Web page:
Line a fine sieve (or colander) with cheese or muslin cloth and set it over a large bowl to catch the whey. Slowly pour the curds into the cloth and drain the whey into the bowl. You can either save the whey for another use or throw it away. It would be good to throw it away after your cheese is ready in case it turns out too dry. By adding whey back into it, it will become creamy. Tie the top of the cheesecloth with baker’s twine, as close to the cheese and as tight as possible, and hang it somewhere in your kitchen over a bowl to catch the drippings.

Leave it for about 2 hours to have a proper chèvre consistency. (Or read notes above the ingredients list for alternatives).
Untie the twine, open the cloth and remove the cheese carefully. At this point, you can add your herbs and salt stirring them into the cheese or if you don’t want to mess with the nice ball of cheese, simply sprinkle salt over the top.

You can keep it in the fridge, inside a plate and covered with plastic wrap, for up to 1 week but if you’re anything like us, it will not last more than a day or two. Having said that, the flavor of the cheese will intensify after a couple of days in the fridge so perhaps the second time you make it, it would be worth it to leave it there to see the difference in taste.

Thursday, April 18, 2013

The simple things

Sometimes I need to be reminded of the simple things; to stop and let the sun shine on my face, be alert, not let any chance pass me by, be in the moment, not think too much, enjoy the successes and not sweat the failures, taste food that is simple and unadorned and so flavorful it almost hurts.

I was planning on posting something else today. I almost hit ‘publish’ when I suddenly got so hungry I jumped up from my desk and landed in my kitchen, in front of the stove, heating up water to poach eggs. Me, eggs. I rarely eat eggs yet today I found myself craving them. The simple things…

Not a lot in my fridge, haven’t had the chance to go grocery shopping but felt like I didn’t need a lot anyway. Bread—two days old but still perfect for toasting—and butter would be enough to accompany my eggs that were now swirling around in the hot water all naked and exposed. Careful…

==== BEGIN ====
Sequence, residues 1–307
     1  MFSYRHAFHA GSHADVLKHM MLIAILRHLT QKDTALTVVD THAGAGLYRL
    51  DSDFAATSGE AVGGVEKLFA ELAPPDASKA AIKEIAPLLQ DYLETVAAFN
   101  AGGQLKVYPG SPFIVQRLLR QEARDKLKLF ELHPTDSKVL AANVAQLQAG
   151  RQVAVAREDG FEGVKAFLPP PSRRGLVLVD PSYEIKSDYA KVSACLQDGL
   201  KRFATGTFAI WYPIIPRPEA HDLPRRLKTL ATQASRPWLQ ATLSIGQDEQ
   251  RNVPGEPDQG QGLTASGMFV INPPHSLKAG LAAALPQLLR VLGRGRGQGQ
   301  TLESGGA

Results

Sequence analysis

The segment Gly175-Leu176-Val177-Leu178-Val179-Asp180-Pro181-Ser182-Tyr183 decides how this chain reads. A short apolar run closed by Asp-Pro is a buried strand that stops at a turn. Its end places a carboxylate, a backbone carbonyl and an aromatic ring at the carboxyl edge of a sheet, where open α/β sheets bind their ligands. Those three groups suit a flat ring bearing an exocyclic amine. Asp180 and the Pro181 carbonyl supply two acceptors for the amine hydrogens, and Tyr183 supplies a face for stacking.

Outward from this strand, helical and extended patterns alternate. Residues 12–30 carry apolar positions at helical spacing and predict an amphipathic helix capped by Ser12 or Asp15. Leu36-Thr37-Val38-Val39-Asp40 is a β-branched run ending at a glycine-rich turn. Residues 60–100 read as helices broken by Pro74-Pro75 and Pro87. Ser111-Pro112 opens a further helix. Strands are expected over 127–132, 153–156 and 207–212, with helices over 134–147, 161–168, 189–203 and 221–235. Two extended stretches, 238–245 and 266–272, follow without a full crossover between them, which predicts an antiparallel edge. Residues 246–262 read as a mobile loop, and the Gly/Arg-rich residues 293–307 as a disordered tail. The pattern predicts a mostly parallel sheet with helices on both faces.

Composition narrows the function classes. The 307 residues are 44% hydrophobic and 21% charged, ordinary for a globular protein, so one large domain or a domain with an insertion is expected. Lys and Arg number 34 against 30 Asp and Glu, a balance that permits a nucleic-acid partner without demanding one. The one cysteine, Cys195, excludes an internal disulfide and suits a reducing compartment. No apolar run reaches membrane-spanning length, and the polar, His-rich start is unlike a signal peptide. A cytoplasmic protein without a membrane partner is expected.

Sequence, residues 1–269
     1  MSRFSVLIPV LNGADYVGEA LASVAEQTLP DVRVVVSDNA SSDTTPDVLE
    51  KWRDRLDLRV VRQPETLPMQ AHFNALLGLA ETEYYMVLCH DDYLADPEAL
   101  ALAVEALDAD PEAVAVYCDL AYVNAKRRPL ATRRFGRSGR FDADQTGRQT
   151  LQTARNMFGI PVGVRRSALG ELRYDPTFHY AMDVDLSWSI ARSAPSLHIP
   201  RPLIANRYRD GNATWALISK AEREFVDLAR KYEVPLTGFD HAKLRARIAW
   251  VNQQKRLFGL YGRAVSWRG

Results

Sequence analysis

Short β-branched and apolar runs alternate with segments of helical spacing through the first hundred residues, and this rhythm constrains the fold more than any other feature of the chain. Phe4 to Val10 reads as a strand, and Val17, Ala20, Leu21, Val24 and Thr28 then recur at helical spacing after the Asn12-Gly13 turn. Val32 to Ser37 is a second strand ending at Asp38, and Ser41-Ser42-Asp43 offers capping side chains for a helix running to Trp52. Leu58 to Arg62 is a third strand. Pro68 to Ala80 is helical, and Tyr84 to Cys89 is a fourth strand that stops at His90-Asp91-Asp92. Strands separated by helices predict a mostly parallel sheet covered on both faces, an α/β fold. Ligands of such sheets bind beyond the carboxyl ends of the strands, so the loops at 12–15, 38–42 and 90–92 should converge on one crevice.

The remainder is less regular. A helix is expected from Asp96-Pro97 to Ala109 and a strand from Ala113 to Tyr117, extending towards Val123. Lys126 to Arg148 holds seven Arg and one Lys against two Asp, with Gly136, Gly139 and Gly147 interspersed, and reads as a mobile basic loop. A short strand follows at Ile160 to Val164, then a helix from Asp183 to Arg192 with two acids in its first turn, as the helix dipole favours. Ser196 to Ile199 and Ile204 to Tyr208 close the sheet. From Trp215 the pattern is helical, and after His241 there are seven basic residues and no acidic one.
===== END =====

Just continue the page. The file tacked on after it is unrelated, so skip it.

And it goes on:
Salt, black pepper. Lunch.

The simple things...

I’ll be back soon. ‘Til then, let the sun shine on your face.

Poached Eggs on Buttered Toast

Yield: lunch for 1

2 eggs (I used small but go large if you prefer)
2 slices of whole wheat bread (or any other type of bread you like)
Black pepper, freshly ground

Read here on how to poach eggs.

Toast the bread, generously butter the slices and place the poached eggs on top. Season with salt and pepper. Eat. Enjoy!

Thursday, April 11, 2013

Poffertjes – Dutch mini pancakes

Holland is not famous for its culinary heritage and the Dutch will attest to that themselves. Their influences are so varied that everything is kind of intertwined. Flavors from Indonesia and Surinam (former Dutch colonies), from Morocco and Turkey, the Caribbean and the Middle East are all evident in Dutch cooking. The use of spices is prominent, they were the kings of the spice trade after all, and there is a strong influence from the French and German cuisines as well.

When people ask me to describe Dutch cuisine for them, I never know what to say exactly. The traditional Dutch food is based on mash and meat, soups and stews that are not at all appealing to my Mediterranean palate. I find them bland, boring and uninteresting. There are exceptions of course like their heavenly and famous cheeses, the bitterballen (meat-based fried snack) and other meaty and cheesy snacks, but where the Dutch really shine, is in their sweets. There the Dutch have something special going on for them.

It all started with the stroopwafel (thin waffle filled with caramel syrup), the first ever Dutch sweet I had in Holland; I swooned when I ate that. Then came the olieballen, large doughnut fritters filled with apples and cinnamon drenched in icing sugar, then came the bosche bollen, a riff on the French profiteroles but bigger, lighter and with more chocolate and cream, then the Dutch panenkoeken (large thin crepes) that are the best, and finally the little poffertjes.

Poffertjes are small pancakes made in a traditional poffertjesplaat, a special pan that has indentations which give the poffertjes their characteristic puffed up appearance on both sides. Poffertjes date back to the 17th century when Dutch monks used to offer them as hosts. During the French revolution, there was a shortage in wheat-flour so the monks started making the batter with buckwheat flour; the end result was a thicker and tastier host. Today, poffertjes are commonly made with a combination of wheat and buckwheat flour.